RISMEDIA, February 20, 2009-The percentage of households that could afford to buy an entry-level home in California stood at 59% in the fourth quarter of 2008, compared with 33% for the same period a year ago, according to a report released this week by the California Association Of Realtors® (C.A.R.).
According to the Association, C.A.R.’s First Time Buyer Housing Affordability Index (FTB-HAI) measures the percentage of households that can afford to purchase an entry-level home in California. C.A.R. also reports first-time buyer indexes for regions and select counties within the state. The Index is the most fundamental measure of housing well-being for first-time buyers in the state.
The minimum household income needed to purchase an entry-level home at $248,030 in California in the fourth quarter of 2008 was $48,900, based on an adjustable interest rate of 6.02% and assuming a 10% down payment. First-time buyers typically purchase a home equal to 85% of the prevailing median price. The monthly payment including taxes and insurance was $1,630 for the fourth quarter of 2008.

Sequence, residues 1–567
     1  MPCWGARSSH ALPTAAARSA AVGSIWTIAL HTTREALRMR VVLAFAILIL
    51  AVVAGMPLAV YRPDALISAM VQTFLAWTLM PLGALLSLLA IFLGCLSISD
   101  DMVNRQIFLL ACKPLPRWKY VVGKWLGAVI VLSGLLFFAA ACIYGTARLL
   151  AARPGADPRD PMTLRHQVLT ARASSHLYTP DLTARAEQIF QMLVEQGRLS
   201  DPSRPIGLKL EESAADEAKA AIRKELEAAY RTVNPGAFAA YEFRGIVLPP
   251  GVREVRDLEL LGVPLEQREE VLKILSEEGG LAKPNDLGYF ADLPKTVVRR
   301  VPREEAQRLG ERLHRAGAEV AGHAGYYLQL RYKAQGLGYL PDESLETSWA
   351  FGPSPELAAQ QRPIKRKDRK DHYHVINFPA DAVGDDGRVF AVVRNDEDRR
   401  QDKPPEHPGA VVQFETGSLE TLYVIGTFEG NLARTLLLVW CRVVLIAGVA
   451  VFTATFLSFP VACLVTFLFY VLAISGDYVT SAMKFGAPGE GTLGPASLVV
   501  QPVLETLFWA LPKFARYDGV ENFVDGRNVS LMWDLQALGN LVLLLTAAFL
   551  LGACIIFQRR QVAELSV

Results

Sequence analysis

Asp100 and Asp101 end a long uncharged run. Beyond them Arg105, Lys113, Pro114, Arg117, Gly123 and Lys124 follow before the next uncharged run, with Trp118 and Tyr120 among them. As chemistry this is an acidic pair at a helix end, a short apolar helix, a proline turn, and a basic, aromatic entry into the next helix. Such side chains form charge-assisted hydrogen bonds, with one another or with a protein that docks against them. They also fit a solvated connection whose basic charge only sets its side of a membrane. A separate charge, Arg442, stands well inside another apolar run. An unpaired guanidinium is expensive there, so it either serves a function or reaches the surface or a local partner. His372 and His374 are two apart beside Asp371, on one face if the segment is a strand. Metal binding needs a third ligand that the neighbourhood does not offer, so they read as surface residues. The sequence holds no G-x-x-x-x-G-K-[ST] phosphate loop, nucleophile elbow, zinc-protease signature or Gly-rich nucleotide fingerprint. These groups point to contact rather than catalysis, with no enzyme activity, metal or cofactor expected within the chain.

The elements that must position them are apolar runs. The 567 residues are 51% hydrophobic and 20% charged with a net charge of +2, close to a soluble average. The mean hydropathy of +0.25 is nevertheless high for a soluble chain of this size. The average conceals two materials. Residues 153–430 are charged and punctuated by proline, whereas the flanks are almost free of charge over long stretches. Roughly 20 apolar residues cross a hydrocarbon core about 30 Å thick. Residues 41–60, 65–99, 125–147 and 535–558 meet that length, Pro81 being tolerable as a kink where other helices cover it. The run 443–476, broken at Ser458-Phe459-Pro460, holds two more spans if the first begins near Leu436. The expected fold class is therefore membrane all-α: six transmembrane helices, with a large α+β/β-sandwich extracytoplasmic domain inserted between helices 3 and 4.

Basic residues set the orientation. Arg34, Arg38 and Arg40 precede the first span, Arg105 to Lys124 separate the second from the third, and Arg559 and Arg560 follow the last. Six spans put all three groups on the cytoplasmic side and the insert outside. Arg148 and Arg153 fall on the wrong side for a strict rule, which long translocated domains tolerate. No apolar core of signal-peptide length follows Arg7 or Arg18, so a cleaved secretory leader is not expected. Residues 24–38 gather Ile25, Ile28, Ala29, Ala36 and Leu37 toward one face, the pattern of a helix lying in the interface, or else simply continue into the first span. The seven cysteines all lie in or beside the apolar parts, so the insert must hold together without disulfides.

At $48,900, the minimum qualifying income was 42% lower than a year earlier when households needed $83,700 to qualify for a loan on an entry-level hold. Recent decreases in home prices and mortgage rates have brought affordability into better alignment with income levels of the typical California households, where the median household income is $59,160.
At 76%, the High Desert region was the most affordable area in the state. The San Luis Obispo County region was the least affordable in the state at 44%, followed by the Los Angeles County region at 46%.
The First-Time Buyer Housing Affordability Index also rose 6 percentage points in the fourth quarter of this year compared with the third quarter of 2008, due to a 14.1% decrease in the entry-level median home price.
For more information, visit www.car.org.
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